Wednesday, June 30, 2010

Elena Kagan's "Partial-Truth Abortion Memo"

Over at the Weekly Standard is this (written by John McCormack), whose links you ought to follow:
Yuval Levin writes
If you haven’t read Shannen Coffin’s piece on Elena Kagan and the partial-birth-abortion debate today, you really should. What he describes, based on newly released Clinton White House memos, is absolutely astonishing. 
It seems that the most important statement in the famous position paper of the American College of Obstetricians and Gynecologists—a 1996 document that was central to the case of partial-birth-abortion defenders for the subsequent decade and played a major role in a number of court cases and political battles—was drafted not by an impartial committee of physicians, as both ACOG and the pro-abortion lobby claimed for years, but by Elena Kagan, who was then the deputy assistant to the president for domestic policy. 
Kagan saw ACOG’s original paper, which did not include the claim that partial-birth abortion “may be the best or most appropriate procedure in a particular circumstance to save the life or preserve the health of a woman,” but, on the contrary, said that ACOG “could identify no circumstances under which this procedure . . . would be the only option to save the life or preserve the health of the woman.” She wrote a memo to two White House colleagues noting that this language would be “a disaster” for the cause of partial-birth abortion, and she then set out to do something about it. In notes released by the White House it now looks as though Kagan herself—a senior Clinton White House staffer with no medical background—proposed the “may be the best or most appropriate procedure in a particular circumstance to save the life or preserve the health of a woman” language, and sent it to ACOG, which then included that language in its final statement.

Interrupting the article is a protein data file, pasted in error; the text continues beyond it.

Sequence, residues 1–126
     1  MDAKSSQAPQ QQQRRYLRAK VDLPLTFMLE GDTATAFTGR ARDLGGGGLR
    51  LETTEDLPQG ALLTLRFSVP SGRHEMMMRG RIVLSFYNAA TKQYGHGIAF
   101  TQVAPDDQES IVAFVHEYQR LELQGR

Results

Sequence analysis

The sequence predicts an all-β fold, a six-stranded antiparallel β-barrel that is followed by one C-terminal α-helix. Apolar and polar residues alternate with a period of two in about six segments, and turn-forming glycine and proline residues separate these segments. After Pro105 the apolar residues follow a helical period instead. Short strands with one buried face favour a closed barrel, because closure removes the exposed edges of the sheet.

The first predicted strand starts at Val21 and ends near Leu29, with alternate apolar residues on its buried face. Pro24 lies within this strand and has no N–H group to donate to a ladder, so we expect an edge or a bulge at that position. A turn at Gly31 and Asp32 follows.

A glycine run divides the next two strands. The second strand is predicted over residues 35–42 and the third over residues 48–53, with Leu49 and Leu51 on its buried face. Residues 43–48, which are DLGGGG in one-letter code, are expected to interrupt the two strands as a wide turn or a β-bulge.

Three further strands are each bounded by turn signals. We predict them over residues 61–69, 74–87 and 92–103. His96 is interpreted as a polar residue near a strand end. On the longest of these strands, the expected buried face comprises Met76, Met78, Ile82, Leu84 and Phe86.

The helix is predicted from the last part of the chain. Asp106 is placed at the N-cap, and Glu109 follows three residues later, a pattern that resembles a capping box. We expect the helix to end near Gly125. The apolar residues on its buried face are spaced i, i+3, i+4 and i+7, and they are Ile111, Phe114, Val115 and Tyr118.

What’s described in these memos is easily the most serious and flagrant violation of the boundary between scientific expertise and politics I have ever encountered. A White House official formulating a substantive policy position for a supposedly impartial physicians’ group, and a position at odds with what that group’s own policy committee had actually concluded?
If Kagan twisted science to advance her political agenda, why wouldn't she do the same to the law?
Remember, she was nominated by a president who said in his 2009 inaugural address,  "We will restore science to its rightful place."   Apparently, science's proper place is to be found somewhere a few miles south of the truth. 

Bob Dylan, "Not Dark Yet"

Lyrics follow....

Tuesday, June 29, 2010

June 29: Solemnity of Saints Peter and Paul

Today is the Solemnity of Saints Peter and Paul. What follows is Pope Benedict XVI's June 29, 2005 homily:
Dear Brothers and Sisters, 
The Feast of the Holy Apostles Peter and Paul is at the same time a grateful memorial of the great witnesses of Jesus Christ and a solemn confession for the Church: one, holy, catholic and apostolic. It is first and foremost a feast of catholicity. The sign of Pentecost - the new community that speaks all languages and unites all peoples into one people, in one family of God -, this sign has become a reality. Our liturgical assembly, at which Bishops are gathered from all parts of the world, people of many cultures and nations, is an image of the family of the Church distributed throughout the earth. 
Strangers have become friends; crossing every border, we recognize one another as brothers and sisters. This brings to fulfilment the mission of St Paul, who knew that he was the "minister of Christ Jesus among the Gentiles, with the priestly duty of preaching the Gospel of God so that the Gentiles [might] be offered up as a pleasing sacrifice, consecrated by the Holy Spirit" (Rom 15: 16).  

Monday, June 28, 2010